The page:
We’re really like this book (catch the Skimmer’s Guide here) and excited for future give-aways with! Watch this space and check out more from this fantastic new publisher on FacebookGoogle+Twitter and their blog:

Skimmer’s Guide for Week 4 of Functional Programming for the Object Oriented Programmer

1 May

“This reality is usefully obscured by the language so that programmers can, without thinking, do wonderful things, blissfully pretending that the pictures in their head are what the computer is really doing.”

What did we read about?

This is our fourth week reading Functional Programming for the Object Orientated Programmer.

  • Begin on page 47 (“All the Class in a Constructor”) and read until page 54, leaving the exercises for next week.

The bare believable object from week three is developed further by moving the Class out of the constructor and introducing object instantiation and message dispatch.

What stood out?

  • The Let special form was introduced.

If you read nothing else this week…

  • Make sure you read about the Let special form.

Skimmers Guide for Week 3 of Functional Programming for the Object-Oriented Programmer

25 Apr

“Given a large enough dos elf magic mushrooms, we can hallucinate that the class-of, x and y callables are instance methods of Point”

What did we read about?

This is our third week reading Functional Programming for the Object Orientated Programmer.

  • Begin “I Embedding an Object-Oriented Language”, read until p. 46 (“All the Class in a Constructor”)

We delve into writing a pseudo object-orientated language within Clojure. Firstly we cover the semantic/definitions of everything we will be dealing with (i.e. objects, instances). Whilst a bit verbose, it helps to establish a common ground for which we can all work off.

With all that out of the way, we dive into implementing a basic geometry. We gradually build up Point objects, adding methods until we have reached Triangles!

As always, the exercises at the end serve as excellent tests of your understanding on the topic. Although the material covered may not be vast, it is important to practice programming functionally to make the next part of the book easier to grasp.

What stood out?

  • The introduction explains this chapter well as a section focussing on giving us the “opportunity to practice programming in a functional language”. This experience will “make the topics in the next part of the book easier to grasp”.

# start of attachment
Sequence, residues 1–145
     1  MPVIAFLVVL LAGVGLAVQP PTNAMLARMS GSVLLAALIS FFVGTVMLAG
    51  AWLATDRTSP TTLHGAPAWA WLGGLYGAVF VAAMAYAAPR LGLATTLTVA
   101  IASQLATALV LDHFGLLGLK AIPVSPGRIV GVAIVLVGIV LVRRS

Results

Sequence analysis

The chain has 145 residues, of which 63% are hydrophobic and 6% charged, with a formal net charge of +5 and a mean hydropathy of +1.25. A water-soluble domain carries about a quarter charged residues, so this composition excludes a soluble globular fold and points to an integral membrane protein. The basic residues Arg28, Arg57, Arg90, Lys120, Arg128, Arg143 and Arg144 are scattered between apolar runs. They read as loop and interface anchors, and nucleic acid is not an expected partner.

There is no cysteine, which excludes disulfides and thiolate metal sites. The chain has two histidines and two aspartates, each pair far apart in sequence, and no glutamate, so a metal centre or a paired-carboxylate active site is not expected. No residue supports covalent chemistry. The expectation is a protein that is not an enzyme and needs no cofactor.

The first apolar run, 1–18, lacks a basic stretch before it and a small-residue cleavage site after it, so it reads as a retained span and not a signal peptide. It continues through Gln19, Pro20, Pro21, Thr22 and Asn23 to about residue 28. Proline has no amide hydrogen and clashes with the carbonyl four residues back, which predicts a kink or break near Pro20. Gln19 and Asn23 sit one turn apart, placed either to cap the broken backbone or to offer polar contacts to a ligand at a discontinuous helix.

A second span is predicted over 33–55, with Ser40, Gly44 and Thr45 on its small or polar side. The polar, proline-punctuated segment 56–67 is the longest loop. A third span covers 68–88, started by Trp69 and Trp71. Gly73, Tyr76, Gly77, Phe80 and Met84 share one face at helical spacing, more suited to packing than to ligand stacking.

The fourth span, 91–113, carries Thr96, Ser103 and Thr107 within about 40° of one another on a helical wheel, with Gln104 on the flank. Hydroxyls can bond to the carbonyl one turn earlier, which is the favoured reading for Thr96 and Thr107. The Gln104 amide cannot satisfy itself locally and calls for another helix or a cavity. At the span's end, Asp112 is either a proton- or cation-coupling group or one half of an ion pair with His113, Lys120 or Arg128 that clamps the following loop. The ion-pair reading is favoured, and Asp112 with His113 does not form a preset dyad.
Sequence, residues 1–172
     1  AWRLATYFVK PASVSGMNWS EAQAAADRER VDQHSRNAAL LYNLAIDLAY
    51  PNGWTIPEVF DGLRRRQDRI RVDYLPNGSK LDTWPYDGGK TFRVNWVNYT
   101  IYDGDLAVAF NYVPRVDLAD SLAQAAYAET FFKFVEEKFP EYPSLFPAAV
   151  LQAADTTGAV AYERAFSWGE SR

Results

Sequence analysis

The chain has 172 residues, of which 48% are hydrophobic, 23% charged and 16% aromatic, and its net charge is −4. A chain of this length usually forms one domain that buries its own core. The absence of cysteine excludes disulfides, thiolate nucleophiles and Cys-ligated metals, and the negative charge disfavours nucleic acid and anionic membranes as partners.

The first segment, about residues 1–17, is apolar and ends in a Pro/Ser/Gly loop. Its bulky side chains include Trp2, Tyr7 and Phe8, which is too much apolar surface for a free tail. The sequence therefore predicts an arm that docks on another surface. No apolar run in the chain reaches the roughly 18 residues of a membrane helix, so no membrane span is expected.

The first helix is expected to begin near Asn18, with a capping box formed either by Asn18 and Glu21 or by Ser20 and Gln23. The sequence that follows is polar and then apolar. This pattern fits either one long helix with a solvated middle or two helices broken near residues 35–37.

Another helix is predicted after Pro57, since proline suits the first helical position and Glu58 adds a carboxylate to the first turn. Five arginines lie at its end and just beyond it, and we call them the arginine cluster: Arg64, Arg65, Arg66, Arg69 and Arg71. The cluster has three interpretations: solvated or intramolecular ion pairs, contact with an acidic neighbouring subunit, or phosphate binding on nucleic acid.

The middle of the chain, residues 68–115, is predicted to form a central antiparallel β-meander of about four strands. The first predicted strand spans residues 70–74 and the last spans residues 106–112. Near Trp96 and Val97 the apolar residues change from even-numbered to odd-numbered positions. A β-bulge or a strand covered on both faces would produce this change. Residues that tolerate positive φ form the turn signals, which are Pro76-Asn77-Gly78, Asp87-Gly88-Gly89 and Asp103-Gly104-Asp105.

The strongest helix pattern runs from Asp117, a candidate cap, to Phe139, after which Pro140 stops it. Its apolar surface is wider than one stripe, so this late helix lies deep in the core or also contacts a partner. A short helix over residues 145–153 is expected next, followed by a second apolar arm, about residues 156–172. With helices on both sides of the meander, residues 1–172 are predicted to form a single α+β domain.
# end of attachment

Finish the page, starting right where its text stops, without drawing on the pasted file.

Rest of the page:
• Exercise 3 & 4 are actually fairly involved and challenge you to think in the functional way.

If you read nothing else this week…

  • Jump straight to “A Barely Believable Object” to get into the implementation details!

Skimmers Guide for Week 2 of Functional Programming for the Object-Oriented Programmer

14 Apr

“How do you write loops in Clojure? You don’t (mostly).”

What did we read about?

This is our second week reading Functional Programming for the Object Orientated Programmer.

  • Finish Chapter 1 – from 1.11 Vectors

After discussing vectors and how they differ to lists we finally discuss what we might consider the basic elements of a programming language: loops, conditionals and different methods for passing parameters.  The chapter concludes with four pages of exercises.

In a language like Java we are usually introduced to the control flow first and the data structures come later.  Here the reverse approach is taken: with a discussion on data structures coming first and the control flow following.  The chapter is then disparaging about both conditionals and loops.

What stood out?

  • In structured programming there are three basic constructs: sequence, selection and repetition.  In functional programming sequence is achieved using lists.  Conditionals are introduced with a reference to the Anti-IF Campaign and regarding repetition we are told that we dont write loops (mostly).  This book is forcing us to think about programming in a new way.
  • Rather than walking through the common functions the reader is given an exercise (5) with a list and told to think of a problem it could solve and then solve it.  The reader is not being spoon fed.

If you read nothing else this week…

  • Work through the exercises in section 1.18.

Further research